Lucas county resident sentenced for worker’s compensation fraudWritten by Lisa Renee Ward | | firstname.lastname@example.org
The Ohio Bureau of Worker’s Compensation (BWC) has released information concerning a court case involving a Toledo-area resident who was sentenced for worker’s compensation fraud.
According to the release, Timothy Williams Jr. pleaded guilty to one count of workers’ compensation fraud, a fifth-degree felony, Jan. 3 in a Franklin County courtroom following an investigation by the Ohio Bureau of Workers’ Compensation Special Investigations Division (SID) that revealed he misrepresented himself as a full-time college student in order to continue collecting dependent death benefits.
A BWC customer service representative made an internal referral in 2009, requesting an investigation after noticing inconsistencies in the information that was provided by Williams in seeking continued dependent death benefits. Dependent children who lose a parent due to a workplace accident can receive dependent death benefits, until they reach the age of 25 if they are enrolled in college and provide proof of full-time enrollment.
“This investigation began when an astute BWC employee scrutinized Williams’ paperwork after becoming concerned with several inconsistencies,” said BWC Administrator/CEO Steve Buehrer in the release. “Because we constantly encounter creative attempts to cheat the system, we are both thorough and cautious in our review of requests for benefits so that we recognize the signs of potential fraud, while providing appropriate assistance to those who are eligible as quickly as possible.”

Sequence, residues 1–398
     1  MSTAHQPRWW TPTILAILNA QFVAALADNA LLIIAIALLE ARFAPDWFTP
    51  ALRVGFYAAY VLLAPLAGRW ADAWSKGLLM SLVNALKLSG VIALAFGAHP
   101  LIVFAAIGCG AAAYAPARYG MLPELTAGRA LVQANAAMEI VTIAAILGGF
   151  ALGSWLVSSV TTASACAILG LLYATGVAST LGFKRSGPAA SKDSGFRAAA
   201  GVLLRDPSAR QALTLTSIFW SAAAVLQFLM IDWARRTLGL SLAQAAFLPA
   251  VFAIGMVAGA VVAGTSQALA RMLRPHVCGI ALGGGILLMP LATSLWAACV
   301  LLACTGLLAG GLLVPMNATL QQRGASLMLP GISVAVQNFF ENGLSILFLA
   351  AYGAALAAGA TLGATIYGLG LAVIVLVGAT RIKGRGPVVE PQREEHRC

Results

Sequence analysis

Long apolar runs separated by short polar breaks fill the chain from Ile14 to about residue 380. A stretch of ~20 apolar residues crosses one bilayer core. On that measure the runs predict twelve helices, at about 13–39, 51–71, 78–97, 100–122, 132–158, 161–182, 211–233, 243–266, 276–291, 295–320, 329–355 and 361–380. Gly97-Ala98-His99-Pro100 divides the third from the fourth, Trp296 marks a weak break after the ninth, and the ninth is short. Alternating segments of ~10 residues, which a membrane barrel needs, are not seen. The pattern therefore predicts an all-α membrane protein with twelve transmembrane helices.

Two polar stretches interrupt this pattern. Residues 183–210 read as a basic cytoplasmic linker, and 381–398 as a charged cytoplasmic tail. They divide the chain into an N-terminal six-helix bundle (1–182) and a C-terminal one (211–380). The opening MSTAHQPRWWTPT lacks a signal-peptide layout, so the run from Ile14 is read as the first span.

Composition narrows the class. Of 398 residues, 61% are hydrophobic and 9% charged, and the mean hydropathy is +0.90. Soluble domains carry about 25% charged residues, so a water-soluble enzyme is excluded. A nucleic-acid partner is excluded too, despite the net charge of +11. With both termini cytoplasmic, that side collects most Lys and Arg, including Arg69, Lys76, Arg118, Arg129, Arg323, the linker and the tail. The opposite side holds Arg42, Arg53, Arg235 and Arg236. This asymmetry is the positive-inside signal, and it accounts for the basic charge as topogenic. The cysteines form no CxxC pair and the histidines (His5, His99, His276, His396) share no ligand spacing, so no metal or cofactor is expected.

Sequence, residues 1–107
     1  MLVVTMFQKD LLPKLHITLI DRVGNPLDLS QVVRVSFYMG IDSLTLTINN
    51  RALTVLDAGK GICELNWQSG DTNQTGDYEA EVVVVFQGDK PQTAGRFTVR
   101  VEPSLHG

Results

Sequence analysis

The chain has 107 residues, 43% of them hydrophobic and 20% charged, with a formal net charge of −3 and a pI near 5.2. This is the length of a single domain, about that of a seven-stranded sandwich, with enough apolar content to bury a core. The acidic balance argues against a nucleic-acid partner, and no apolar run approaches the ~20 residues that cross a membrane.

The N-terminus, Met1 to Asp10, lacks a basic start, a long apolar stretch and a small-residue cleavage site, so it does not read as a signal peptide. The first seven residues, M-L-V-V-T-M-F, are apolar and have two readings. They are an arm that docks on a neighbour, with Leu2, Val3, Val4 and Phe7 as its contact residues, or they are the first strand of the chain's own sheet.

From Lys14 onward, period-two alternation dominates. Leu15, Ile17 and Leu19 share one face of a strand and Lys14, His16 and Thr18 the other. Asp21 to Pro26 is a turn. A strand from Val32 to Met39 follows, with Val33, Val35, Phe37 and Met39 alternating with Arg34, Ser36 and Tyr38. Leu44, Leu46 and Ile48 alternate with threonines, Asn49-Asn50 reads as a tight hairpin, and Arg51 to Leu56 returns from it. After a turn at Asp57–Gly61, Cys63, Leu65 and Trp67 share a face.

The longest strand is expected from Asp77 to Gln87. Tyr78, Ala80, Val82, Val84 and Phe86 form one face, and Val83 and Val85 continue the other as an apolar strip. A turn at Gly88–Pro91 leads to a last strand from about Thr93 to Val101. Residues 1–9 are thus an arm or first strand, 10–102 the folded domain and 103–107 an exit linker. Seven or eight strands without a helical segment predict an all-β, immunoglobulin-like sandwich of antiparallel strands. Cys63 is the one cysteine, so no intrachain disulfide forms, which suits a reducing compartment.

After the investigative arm of BWC reviewed Williams’ records they discovered that he was not a full time student as he had claimed, he was enrolling in classes to appear to have full time status but was dropping classes and was only attending as a part time student. Williams admitted that he was enrolling as a full time student to be able to continue receiving the dependent death benefits.
BWC stated that Timothy Williams was sentenced to a suspended sentence of eight months incarceration, placed on community control for four years and ordered to pay restitution of $9,295 and $500 investigative costs. Williams was ordered to return to school, continue full-time employment and undergo random drug and alcohol tests as a part of his sentence conditions. If he fails to meet those conditions, he would have to serve 350 hours of community service.
Melissa Vince, public information officer for BWC, told Toledo Free Press for the current fiscal year of 2011, which started in July, SID closed 1,500 cases referred for investigation, recommended 142 for prosecution and had obtained 61 convictions. SID identified more than $66 million in workers’ compensation fraud and 240 individuals were convicted of worker’s compensation fraud in fiscal year 2010.
BWC’s annual report states that, “For every dollar spent by the special investigations department, it identified $6.30 in fraud.”
If you suspect workers’ compensation fraud, you are asked to visit ohiobwc.com, or call 1-800-OHIOBWC.